If you've been following the news lately, you may have come across a story where a Pennsylvania school system has been allegedly spying on their students. The Rosemont's Harriton High School's computers included software that would allow them to turn on the webcam whenever they wanted. This would effectively allow them to spy on students in the privacy of their own home. This came to light when the school allegedly informed student Blake Robbins' parents that he had been selling drugs and even showed a still photograph as evidence. The Robbins' family claims these accusations are false. You can read more details here or watch this video:
CNET noted that the school system could be sued for violating a number of laws/regulations such as, "the Fourth Amendment, the Electronic Communication Privacy Act, the Computer Fraud Abuse Act, the Stored Communications Act, Section 1983 of the Civil Rights Act, the Pennsylvania Wiretapping and Electronic Surveillance Act, and Pennsylvania common law." They didn't even get into the potential child pornography charges that could potentially come from the girl who said that she shower with her laptop open to listen to music (if they are shown to have violated that).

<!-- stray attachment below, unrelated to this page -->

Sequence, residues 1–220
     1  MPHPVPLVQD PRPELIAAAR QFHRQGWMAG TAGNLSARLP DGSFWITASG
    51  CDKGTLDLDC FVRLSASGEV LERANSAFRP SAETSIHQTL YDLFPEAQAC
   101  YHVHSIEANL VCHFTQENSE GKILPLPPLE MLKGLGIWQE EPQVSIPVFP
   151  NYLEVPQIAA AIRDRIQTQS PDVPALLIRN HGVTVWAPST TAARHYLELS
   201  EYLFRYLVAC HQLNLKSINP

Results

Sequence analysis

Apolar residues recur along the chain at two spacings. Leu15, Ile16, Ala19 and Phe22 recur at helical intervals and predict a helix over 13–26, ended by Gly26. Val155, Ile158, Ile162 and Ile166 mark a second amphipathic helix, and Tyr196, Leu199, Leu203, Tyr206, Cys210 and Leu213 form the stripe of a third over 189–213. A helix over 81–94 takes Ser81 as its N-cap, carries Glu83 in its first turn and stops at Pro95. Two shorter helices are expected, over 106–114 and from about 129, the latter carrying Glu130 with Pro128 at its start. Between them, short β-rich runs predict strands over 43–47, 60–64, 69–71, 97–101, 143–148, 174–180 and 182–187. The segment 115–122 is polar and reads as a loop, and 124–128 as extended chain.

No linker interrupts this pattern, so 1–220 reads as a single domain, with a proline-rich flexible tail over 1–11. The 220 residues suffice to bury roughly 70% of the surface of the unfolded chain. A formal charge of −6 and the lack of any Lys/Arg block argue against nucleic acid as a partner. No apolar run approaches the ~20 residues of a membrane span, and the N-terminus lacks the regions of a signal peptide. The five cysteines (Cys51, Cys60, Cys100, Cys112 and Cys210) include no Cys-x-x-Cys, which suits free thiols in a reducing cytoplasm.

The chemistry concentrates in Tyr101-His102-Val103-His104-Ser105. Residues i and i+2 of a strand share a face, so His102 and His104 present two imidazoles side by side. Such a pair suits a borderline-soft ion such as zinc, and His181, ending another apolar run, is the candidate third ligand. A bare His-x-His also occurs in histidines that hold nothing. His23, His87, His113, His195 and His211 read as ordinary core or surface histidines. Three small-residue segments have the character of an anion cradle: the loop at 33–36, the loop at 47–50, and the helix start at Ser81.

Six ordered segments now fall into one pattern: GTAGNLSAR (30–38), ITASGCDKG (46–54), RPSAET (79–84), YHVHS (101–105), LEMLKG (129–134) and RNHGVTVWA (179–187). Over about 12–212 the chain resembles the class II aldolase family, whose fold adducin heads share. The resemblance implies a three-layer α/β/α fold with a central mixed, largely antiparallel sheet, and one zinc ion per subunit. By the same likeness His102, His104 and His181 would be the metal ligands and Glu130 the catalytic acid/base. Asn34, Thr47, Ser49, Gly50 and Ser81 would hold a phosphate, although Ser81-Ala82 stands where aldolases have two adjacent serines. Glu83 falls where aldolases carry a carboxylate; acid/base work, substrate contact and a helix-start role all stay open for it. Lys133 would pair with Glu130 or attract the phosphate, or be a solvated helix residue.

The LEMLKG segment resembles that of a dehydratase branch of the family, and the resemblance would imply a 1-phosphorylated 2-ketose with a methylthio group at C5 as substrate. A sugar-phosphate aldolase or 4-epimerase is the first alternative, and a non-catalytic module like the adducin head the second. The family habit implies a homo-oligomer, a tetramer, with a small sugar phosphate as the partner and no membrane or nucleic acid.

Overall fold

I find the story interesting on many levels. Having a Computer Science degree and working in the technology industry for the past decade, I usually stay on top of technology happenings. It never occurred to me that a web cam could be used in a nefarious way like this. Take it a step further and imagine a virus that does the same thing. Yikes!
The biggest question for me from a financial perspective is, "What if the school is found guilty of all these violations?" The damages could be millions and spread across numerous families. On the outset it would seem that justice would be served and everyone could just move on. However, the community would be left with a bankrupt school system. That typically means raised taxes. So others in the town would have to pick up the pieces. This leads me to think, the ones who "win" could be the lawyers. It might even be in the community's best interest to root for the school as outlandish as it sounds.
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